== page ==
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  A B C D E F G H I J K L M N O P R S T U V Y


Non-potential soul, unfit self for salvation. Such a souls never perform spiritual effort (puruṣārth)


Ācārya (Acharya)

Ācāryas form the third category of ascetics of the Ṇamokar mantra and the Oṁkar sound according to the Indus texts. They are the leaders of the saṅgha of all ascetics and householders. They are the learned ascetics who can teach, and also can write scriptures from spiritual insight. Such scriptures are considered indisputable and can not be contradicted by anyone’s mental speculation.


Ācārya bhakti

Devotional narration in reverence of any ācārya by the disciples.


Acetana (Achetan(a))

Not living, not containing a soul, so without consciousness and mind. Pudgala (=matter) is achetan according to Jainism. Acetana is the opposite of cetana (chetan).


Adamya puruṣārtha (purusharth)

Spiritual effort (puruṣārtha) up to the maximum limit.



The ‘first and original’ Lord. The first tīrthaṅkara, also know under his name Ṛsabha who lived several millions of years ago, of the 24 tīrthaṅkaras which have appeared in the present, downward half or utsarpiṇī (i.e. they all appeared in the latter part of it) of the great cycle (kalacakra) of joy and suffering. Adinātha has the bull as his symbol. He was the great initiator of all mental culture of humanity and propagator of the one original religion of which all other (later) religions derived. Through his ‘children’ 100 sons and 2 daughters he laid the basis of the dispersal of all culture among thinking humanity.


Adisila (Adishila)

Name of the big boulder on the mountain Vindhyagiri in Sravana Belagola on which Indus script is found.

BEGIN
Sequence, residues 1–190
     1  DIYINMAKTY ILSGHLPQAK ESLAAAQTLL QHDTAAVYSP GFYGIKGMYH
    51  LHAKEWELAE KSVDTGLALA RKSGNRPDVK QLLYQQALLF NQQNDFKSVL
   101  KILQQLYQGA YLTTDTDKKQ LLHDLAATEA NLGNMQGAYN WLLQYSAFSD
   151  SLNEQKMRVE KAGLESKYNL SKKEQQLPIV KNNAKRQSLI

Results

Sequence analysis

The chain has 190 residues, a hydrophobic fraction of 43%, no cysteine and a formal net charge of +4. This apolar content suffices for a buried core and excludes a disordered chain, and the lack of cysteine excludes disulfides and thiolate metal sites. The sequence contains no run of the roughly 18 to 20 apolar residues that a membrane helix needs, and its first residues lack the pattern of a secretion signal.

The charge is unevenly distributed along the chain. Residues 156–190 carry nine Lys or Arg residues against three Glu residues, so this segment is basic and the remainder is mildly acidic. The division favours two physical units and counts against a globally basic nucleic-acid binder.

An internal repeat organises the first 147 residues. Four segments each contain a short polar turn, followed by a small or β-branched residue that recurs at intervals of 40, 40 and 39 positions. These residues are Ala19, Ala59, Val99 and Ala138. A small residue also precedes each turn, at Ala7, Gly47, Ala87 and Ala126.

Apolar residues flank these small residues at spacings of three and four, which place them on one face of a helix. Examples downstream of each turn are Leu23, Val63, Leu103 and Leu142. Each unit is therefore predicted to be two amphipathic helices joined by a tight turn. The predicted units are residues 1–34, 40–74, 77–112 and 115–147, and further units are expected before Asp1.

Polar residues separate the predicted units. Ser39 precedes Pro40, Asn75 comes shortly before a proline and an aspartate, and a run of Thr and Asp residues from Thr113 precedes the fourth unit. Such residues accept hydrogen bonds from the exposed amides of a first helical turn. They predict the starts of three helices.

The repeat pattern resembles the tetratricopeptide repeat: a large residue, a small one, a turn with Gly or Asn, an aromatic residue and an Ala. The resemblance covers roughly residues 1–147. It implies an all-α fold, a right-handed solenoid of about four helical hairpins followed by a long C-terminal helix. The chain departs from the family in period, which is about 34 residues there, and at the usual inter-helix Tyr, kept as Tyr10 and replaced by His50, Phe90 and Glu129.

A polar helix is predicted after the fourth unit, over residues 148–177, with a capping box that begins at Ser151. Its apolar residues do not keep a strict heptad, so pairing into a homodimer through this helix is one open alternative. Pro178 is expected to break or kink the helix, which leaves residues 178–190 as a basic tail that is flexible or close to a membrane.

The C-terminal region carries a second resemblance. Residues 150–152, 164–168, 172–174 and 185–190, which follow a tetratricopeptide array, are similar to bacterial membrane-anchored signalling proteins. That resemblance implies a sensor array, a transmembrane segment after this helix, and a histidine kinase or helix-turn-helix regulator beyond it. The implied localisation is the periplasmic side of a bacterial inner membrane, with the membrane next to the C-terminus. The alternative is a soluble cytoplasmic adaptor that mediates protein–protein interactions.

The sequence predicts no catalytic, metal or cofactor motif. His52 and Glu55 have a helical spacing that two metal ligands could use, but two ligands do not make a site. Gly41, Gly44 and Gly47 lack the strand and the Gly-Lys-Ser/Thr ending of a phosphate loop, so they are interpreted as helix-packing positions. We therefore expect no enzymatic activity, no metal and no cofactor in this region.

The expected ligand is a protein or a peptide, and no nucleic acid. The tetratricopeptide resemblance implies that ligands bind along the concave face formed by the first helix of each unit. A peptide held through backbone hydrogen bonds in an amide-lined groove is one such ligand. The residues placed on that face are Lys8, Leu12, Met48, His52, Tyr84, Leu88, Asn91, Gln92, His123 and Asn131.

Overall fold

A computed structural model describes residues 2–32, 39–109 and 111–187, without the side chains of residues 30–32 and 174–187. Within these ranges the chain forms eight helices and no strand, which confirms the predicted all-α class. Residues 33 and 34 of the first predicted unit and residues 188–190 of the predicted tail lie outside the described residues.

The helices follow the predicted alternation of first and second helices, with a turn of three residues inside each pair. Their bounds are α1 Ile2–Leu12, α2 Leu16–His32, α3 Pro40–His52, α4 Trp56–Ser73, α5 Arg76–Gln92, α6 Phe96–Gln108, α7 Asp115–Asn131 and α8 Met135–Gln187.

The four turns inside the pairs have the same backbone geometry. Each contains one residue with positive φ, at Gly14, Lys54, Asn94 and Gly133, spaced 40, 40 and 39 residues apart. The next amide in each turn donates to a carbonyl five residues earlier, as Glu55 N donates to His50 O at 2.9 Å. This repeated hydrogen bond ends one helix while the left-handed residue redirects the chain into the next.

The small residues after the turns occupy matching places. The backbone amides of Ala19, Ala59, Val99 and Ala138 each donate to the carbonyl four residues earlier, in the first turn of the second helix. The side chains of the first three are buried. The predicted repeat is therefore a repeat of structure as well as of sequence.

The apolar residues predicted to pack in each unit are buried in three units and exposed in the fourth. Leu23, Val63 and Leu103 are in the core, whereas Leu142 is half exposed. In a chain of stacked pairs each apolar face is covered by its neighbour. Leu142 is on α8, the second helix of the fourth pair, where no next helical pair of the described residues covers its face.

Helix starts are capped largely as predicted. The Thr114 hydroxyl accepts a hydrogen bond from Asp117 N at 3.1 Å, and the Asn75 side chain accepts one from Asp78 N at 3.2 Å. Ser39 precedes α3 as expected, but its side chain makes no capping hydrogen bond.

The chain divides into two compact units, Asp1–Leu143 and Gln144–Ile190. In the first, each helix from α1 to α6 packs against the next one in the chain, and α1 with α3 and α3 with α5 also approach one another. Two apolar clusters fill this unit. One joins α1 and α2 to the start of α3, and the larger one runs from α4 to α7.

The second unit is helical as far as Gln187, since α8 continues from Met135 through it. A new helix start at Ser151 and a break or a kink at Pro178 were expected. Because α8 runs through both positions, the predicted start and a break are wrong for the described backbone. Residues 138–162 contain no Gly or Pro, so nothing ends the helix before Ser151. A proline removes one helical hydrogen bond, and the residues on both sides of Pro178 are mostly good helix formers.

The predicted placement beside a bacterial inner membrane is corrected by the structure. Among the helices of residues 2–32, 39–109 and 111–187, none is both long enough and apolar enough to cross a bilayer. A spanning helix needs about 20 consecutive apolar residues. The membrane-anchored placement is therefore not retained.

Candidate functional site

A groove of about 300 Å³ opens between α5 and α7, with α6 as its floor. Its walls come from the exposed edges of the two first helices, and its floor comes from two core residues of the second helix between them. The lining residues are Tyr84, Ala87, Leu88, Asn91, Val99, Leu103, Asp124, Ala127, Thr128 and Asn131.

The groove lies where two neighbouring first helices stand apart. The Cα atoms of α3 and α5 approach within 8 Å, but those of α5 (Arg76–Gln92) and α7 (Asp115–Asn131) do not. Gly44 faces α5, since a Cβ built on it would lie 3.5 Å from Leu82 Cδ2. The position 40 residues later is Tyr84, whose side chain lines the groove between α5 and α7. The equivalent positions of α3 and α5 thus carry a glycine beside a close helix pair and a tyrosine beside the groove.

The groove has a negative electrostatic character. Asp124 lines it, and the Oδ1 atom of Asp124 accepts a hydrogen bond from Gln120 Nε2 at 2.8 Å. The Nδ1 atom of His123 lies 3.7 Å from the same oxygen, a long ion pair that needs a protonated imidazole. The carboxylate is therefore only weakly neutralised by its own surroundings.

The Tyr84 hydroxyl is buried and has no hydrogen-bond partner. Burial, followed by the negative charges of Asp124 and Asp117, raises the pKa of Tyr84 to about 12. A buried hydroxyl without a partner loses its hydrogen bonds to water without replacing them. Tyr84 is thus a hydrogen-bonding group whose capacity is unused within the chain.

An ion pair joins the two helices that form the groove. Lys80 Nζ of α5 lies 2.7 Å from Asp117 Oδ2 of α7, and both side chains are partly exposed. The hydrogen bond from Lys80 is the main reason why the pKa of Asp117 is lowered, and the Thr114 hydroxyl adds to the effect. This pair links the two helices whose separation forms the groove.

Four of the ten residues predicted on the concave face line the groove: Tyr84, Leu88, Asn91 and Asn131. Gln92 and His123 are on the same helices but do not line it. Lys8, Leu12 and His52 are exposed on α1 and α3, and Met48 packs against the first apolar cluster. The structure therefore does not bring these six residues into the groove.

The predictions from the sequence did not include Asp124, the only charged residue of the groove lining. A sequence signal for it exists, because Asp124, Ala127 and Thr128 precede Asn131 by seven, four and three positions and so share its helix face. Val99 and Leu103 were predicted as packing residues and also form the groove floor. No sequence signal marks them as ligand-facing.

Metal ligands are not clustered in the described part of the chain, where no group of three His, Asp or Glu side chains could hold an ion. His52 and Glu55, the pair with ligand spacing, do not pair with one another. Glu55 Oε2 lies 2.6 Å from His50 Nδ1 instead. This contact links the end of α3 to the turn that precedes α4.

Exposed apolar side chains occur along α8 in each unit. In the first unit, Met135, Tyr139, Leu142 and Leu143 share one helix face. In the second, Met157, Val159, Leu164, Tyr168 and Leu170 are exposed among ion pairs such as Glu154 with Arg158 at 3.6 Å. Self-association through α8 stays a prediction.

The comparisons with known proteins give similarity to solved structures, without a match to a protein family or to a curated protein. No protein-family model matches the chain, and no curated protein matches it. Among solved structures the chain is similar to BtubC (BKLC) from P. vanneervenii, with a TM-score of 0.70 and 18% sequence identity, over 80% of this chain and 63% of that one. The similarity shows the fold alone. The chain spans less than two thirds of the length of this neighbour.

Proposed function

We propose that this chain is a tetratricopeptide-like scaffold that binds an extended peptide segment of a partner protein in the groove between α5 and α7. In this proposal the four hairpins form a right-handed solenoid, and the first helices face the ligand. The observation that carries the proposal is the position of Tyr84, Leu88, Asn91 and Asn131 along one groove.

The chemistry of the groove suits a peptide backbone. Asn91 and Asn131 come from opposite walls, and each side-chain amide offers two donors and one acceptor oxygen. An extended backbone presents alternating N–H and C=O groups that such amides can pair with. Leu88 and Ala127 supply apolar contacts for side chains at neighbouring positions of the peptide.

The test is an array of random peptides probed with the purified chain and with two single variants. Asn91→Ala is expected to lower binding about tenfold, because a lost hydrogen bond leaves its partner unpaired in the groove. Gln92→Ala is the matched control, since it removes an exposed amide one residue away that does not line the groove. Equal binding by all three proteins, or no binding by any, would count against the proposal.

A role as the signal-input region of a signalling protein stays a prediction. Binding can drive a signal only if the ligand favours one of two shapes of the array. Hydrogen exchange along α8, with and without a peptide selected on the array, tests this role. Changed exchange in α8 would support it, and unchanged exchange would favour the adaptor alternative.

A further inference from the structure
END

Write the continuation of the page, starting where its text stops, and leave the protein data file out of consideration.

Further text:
Canonical texts of Jainism were based on the Tīthaṅkaras’ teachings. The Indus script, dating from before Mahāvīra, also depicts the four anuyogas or groups of canonical texts alike a Jina throne. Much after Mahāvīra the new Āgamas were rewritten through five assemblies of ācāryas because the earlier ones had been destroyed by religious rivals at about the middle of the 1st millennium BCE. The texts were kept only in people’s memories and maintained through oral tradition. The Indus heritage from before Mahāvīra seems to reflect the existence of these texts even then. Mahāvīra’s preaching were orally compiled by his disciples into various sūtras (texts) which were collectively called Jain canonical or Āgamic literature. Traditionally these sutras were orally passed on from teachers (ācāryas or gurus) to the disciples for several centuries. The scholars date the composition of Jain āgamas at around the 6th to 3rd century BCE to 8th century CE. Noted Indologist Hermann Jacobi holds that the composition of the Jain canon would fall somewhere about the end of the fourth or the beginning of the third century BCE. The general consensus among scholars is that the earliest portions of Jain canons were composed around 4th or 3rd century BCE. This is in agreement with Jain tradition according to which the earliest portions of Jain canons were composed around 4th or 3rd century BCE. This is in agreement with Jain tradition according to which the Āgamic literature and the Pūrvas (ancient texts) were passed from one heads of the order to his disciples for around 170 years after the nirwāṇa of Mahāvīra. However with time, it became difficult to keep the entire Jain literature committed to memory. According to tradition, there occurred a twelve years of famine around 350 BCE in Ujjain, where it was extremely difficult for the Jain ascetics to survive during this time. Under such circumstances they could not preserve the entire canonical literature. However, in other parts of the country where no famine occurred religious rivalry destroyed the original literature. According to the Śvetambara (white-dressed) tradition, the Āgamas were collected on the basis of collective memory of the ascetics in the first council of Patalipūtra under the stewardship of Ācārya Sthūlabhadra (297-198 BCE) The Śwetambar tradition of Jainism trace their lineage through Sthūlabhadra even earlier, around to 463–367 BCE. However, the Digambara (wind-clad, nude) Jains don’t recognize him and this sect maintains that after the damage of the original canonical literature only one part or limb (Aṅga), the twelfth, named Ṣatkhandāgama), was hidden and saved in the Mūlbidri Math (near Mysore), from which the whole literature was rebuilt and rewritten